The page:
Three lessons from Italy 0-1 Uruguay

The Azzuri needed only to avoid defeat to make the next round, but Diego Godin's late goal sent the South Americans through in a game full of talking points. Three takeaways here!
By Teng Kiat | Deputy Editor, Goal Singapore

The first half of this game was abysmal. Italy, requiring only a point to go through, treated the Uruguay half like a minefield. Strangely enough, the latter did not seem too keen on bombarding forward either, given that they needed victory. The potential was there for it to be unexpectedly the worst game of this World Cup, but how things changed after the break.

A straight red, a biting incident and a late winner for Uruguay all arrived in the second half as the game exploded into life, starting with that dismissal. Was it a reckless challenge from Claudio Marchisio? The Azzuri will feel aggrieved, for the dynamics of the match changed after that.

Italy will now join England in packing their bags, while La Celeste progress along with Costa Rica. Who would have seen that coming? What a World Cup.

Hungrier Uruguay
Uruguay knew they needed a victory and while they were subdued in the first half, in part by Italy's gameplan of controlling the ball and keeping possession, they stepped up their game after the break.

No doubt aided by Marchisio's dismissal, the South Americans took the match by the scruff of the neck and few would disagree they deserved the win. More shots and shots on target, more crosses and interceptions, as well as more aerial duels won reflect the hunger of a side desperate to get the victory.

Gianluigi Buffon had already pulled off three splendid stops but he could do nothing when Diego Godin got to a corner and the ball went in off his back/shoulder.

Impotent Italians
Just one shot on target sums it up really for the Italians. Granted, they only needed a draw but one would imagine that if they were a little more attacking-minded and took the game to Uruguay, they could have won this.

But perhaps Cesare Prandelli knew that he did not have the talent in attack to adopt such a strategy. Mario Balotelli and Ciro Immobile, who both started upfront, were woeful to say the least - as they were throughout the entire tournament whenever they have played. Immobile, last season's Serie A top scorer, was a disappointment in particular, with many tipping him to shine. An absymal return of one shot over 88 minutes and a terribly low percentage of duels won reflect his tournament.Balotelli fared no better. Apart from his goal against England, he was largely anonymous in the amount of time he spent on the pitch, despite being the first-choice striker. It was the perfect stage for the Milan man to deliver a riposte to his critics, but he failed to take the chance.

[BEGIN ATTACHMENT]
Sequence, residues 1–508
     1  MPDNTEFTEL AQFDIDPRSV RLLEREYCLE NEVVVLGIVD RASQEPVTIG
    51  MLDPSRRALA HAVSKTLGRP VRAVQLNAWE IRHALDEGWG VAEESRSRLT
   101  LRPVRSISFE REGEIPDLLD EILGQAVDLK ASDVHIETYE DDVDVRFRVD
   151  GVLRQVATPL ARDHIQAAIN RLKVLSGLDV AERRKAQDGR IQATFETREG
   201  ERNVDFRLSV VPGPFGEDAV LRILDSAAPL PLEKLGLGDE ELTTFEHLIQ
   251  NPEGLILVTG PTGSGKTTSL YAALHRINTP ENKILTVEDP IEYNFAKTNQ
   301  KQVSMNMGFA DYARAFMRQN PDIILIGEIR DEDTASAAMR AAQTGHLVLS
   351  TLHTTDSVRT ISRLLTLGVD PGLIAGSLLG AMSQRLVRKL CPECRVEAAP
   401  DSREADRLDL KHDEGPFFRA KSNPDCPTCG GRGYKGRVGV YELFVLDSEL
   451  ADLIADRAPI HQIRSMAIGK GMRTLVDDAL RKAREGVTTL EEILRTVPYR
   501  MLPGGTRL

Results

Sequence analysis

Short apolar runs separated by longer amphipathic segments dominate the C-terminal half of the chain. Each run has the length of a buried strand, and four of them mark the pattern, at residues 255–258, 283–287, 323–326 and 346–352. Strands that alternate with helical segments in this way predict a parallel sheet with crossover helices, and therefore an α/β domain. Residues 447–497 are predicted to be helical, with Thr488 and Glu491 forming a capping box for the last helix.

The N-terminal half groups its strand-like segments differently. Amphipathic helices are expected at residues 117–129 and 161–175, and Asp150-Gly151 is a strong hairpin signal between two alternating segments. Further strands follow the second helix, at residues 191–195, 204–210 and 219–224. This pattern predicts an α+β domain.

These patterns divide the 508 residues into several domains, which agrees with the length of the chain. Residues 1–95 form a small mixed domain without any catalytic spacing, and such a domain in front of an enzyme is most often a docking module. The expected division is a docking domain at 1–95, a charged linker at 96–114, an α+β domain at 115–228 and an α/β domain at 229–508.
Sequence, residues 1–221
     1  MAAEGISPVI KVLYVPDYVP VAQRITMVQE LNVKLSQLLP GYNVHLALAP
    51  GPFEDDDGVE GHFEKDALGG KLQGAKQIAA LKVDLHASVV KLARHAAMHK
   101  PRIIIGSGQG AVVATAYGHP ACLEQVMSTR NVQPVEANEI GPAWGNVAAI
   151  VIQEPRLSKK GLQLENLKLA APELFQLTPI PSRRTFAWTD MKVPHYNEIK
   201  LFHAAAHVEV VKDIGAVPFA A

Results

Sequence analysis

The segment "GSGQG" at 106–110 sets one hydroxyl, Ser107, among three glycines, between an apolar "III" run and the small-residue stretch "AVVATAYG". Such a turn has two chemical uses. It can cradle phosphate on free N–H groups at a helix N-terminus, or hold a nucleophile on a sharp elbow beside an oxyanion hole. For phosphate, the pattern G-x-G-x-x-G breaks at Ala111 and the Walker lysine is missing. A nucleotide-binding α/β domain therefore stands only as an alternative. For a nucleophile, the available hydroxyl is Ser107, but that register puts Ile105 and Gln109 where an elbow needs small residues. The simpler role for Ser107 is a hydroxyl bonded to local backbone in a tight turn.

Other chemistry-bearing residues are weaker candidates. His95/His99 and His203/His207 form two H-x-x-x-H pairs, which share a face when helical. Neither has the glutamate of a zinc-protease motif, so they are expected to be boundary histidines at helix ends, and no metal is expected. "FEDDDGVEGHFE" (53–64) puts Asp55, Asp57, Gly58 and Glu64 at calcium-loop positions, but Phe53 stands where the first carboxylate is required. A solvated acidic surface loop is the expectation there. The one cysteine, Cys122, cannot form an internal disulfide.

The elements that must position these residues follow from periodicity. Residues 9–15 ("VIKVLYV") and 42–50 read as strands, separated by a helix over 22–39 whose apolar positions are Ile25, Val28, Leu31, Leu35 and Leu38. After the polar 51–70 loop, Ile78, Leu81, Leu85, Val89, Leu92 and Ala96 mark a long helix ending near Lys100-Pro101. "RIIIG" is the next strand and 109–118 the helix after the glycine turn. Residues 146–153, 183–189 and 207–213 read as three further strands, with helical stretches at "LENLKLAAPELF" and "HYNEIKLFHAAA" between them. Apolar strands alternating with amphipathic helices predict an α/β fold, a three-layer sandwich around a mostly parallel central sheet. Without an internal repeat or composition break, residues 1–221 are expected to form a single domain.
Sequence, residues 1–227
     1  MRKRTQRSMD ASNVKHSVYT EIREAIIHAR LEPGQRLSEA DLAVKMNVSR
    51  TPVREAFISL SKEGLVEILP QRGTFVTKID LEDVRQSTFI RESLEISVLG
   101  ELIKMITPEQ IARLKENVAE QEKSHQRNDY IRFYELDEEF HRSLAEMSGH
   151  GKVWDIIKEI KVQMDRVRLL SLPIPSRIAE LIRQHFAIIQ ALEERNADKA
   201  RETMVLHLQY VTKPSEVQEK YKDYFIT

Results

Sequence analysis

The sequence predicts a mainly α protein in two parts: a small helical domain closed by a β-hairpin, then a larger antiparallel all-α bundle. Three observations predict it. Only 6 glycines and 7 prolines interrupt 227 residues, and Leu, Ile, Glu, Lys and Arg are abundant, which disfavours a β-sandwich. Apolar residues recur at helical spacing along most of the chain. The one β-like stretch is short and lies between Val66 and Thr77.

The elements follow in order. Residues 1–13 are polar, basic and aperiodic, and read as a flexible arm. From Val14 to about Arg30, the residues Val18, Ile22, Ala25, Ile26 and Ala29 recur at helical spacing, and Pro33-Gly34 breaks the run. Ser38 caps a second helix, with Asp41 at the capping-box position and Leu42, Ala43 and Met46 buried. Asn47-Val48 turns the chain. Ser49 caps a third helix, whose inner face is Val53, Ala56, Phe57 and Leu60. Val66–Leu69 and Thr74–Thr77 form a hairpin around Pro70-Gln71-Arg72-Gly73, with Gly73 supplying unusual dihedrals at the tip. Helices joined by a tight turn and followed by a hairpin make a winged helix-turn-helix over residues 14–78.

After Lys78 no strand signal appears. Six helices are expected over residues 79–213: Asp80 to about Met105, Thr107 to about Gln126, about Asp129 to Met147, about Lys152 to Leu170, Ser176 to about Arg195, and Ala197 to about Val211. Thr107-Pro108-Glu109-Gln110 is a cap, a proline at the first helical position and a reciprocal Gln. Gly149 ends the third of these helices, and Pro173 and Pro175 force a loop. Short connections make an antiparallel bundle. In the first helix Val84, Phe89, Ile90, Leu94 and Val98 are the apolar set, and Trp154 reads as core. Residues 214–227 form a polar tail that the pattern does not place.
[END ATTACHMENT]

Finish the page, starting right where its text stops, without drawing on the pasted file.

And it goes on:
In the end, Italy really only have themselves to blame for being eliminated. While they did well enough against England, they were abject against Costa Rica and looked out of ideas. That can be attributed to both Prandelli's lack of tactical nous in this tournament, as well as the other attackers who failed to show up.

It be hard to have seen them advancing much further even if they had gotten the draw, but it's now arrivederci, Italia.

What is Suarez thinking?
If you bite an opponent once during a game, it could be chalked down to rashness or a rush of blood to the head. Twice, and questions will have to be seriously asked. But how about three times? How do you deal with such a repeat offender then?

That is the question the football world has to confront after Luis Suarez, Uruguay's talisman and one of the best players on the planet, appeared to chomp on Giorgio Chiellini's shoulder.

The Liverpool striker seemed to have attacked the Italy defender in the 79th minute as both went to challenge for a cross, with the latter showing the referee what looked like teeth marks. No action was taken, however, with Uruguay going on to score the winner two minutes later.

Video replays of the incident and pictures making the rounds on the Internet seemingly show that Suarez was indeed guilty. Just what is the 27-year-old thinking? Such a brilliant footballer, but someone whose actions cause controversy and headlines all the time.

Allegations of diving and going down too easily, that racism incident with Patrice Evra and now the latest biting incidents, which has already occurred during his time at Ajax and Liverpool.

Fifa has to look at the incident again and mete out a heavy punishment if he is found guilty. It is quite simply baffling to bite an opponent during a game. Maybe Suarez could do with a therapist.